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DNS Root Servers: The most critical infrastructure on the internet
DNS was made, just because we humans are not capable enough to remember numbers, or i must say we can remember names better than numbers. But computer's and network addresses are always numbers.

There are 13 IP addresses/number of these DOT server's that every DNS software's already know by default. Read carefully..i said 13 IP addresses and not 13 servers. (Don't even think that there are 13 DNS root servers. Its a big technical joke..:)

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Humans are generally better with names. Which is why we would tell telephone operators the name. Just like we tell DNS. Machines are better with numbers.

For DNS: And this is exactly how DNS works. It checks one of a number of DNS servers, there are quite a few levels of caching and checking all the way down but that's not so important, to see what name matches up to who
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23 hours ago by thotw
What happens when you type an URL in the browser and press enter?
The main purpose of DNS is human-friendly navigation. You can easily access a website by typing the correct IP address for it on your browser but imagine having to remember different sets of numbers for all the websites we regularly access?

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[Explain how DNS works with switchboard operator]. And that's what happens when you type an address in your browser. And here's the thing. It predated the web by a good twenty years.
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23 hours ago by thotw
How a URL Works for Locating Resources on the Internet
URL strings consist of three parts (substrings):

protocol designation
host name or address
file or resource location
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23 hours ago by thotw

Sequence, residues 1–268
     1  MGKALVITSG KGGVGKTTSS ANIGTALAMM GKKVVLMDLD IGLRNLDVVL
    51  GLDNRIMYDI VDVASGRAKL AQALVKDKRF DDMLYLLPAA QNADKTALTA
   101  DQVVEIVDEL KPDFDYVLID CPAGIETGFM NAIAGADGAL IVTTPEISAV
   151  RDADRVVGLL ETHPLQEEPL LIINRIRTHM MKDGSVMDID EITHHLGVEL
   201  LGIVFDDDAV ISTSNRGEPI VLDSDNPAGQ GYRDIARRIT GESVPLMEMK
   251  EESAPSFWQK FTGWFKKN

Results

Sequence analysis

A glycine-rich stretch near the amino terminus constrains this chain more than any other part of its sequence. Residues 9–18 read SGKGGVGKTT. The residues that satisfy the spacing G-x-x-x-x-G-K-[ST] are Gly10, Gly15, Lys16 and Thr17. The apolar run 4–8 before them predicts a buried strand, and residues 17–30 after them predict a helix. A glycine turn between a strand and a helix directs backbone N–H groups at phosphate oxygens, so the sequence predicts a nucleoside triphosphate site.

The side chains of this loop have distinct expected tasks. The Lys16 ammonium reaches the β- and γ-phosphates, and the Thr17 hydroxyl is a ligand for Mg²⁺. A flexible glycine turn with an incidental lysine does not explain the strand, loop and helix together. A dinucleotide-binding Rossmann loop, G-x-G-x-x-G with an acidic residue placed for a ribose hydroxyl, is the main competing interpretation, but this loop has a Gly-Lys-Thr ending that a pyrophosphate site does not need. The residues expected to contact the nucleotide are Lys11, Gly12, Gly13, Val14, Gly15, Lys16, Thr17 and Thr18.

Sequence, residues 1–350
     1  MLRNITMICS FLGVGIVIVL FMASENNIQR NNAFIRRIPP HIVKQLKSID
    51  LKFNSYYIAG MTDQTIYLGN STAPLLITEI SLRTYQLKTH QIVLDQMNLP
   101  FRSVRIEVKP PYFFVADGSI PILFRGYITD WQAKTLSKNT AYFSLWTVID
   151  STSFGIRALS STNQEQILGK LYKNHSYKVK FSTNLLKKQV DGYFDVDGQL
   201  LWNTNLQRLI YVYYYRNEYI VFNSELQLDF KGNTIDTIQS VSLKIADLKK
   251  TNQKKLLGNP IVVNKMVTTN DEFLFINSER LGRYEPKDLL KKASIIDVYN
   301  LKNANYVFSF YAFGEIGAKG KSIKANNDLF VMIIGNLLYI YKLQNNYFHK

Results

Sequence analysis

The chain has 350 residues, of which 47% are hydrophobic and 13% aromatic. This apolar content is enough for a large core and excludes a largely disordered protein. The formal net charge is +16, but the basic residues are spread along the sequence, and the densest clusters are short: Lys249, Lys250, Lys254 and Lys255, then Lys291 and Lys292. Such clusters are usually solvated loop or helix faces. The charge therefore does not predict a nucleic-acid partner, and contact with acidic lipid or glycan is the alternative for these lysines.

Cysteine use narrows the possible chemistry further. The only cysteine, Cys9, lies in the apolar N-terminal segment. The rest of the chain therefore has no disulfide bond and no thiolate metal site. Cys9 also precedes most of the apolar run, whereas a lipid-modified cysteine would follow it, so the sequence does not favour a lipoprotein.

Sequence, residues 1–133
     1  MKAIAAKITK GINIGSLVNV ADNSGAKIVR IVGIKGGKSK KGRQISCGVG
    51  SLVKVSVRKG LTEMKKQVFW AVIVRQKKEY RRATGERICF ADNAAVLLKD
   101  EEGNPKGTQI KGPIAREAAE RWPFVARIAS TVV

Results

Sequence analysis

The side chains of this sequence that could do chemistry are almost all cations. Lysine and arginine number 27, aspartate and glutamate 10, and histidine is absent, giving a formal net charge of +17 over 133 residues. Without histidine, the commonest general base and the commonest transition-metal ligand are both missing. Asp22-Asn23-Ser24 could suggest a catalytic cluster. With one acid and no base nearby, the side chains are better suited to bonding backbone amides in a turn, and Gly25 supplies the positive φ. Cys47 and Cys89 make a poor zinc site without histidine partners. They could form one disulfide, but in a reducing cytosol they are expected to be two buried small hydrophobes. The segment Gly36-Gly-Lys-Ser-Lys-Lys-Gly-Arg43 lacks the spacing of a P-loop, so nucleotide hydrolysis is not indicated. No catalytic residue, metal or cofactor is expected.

URL: Uniform Resource Locator | HowStuffWorks
DNS servers accept requests from programs and other name servers to convert domain names into IP addresses. When a request comes in, the DNS server can do one of four things with it:

- It can answer the request with an IP address because it already knows the IP address for the requested domain.
- It can contact another DNS server and try to find the IP address for the name requested. It may have to do this multiple times.
- It can say, "I don't know the IP address for the domain you requested, but here's the IP address for a DNS server that knows more than I do."
- It can return an error message because the requested domain name is invalid or does not exist.

The root servers know the IP addresses for all of the DNS servers that handle the top-level domains (.COM, .NET, .ORG, etc.)
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23 hours ago by thotw
How Domain Name Servers Work | HowStuffWorks
Thanks to DNS, though, you don't have to keep your own address book of IP addresses. Instead, you just connect through a domain name server, also called a DNS server or name server, which manages a massive database that maps domain names to IP addresses.

Web servers and other computers that need a consistent point of contact use static IP addresses

The last word in a domain name represents a top-level domain. These top-level domains are controlled by the IANA in what's called the Root Zone Database

A registrar is an authority that can assign domain names directly under one or more top-level domains and register them with InterNIC, a service of ICANN, which enforces uniqueness of domain names across the Internet

That's one of the most amazing parts of DNS -- it is completely distributed throughout the world on millions of machines, managed by millions of people, and yet it behaves like a single, integrated database

Maintain a small database of domain names and IP addresses most often used on its own network, and delegate name resolution for all other names to other DNS servers on the Internet.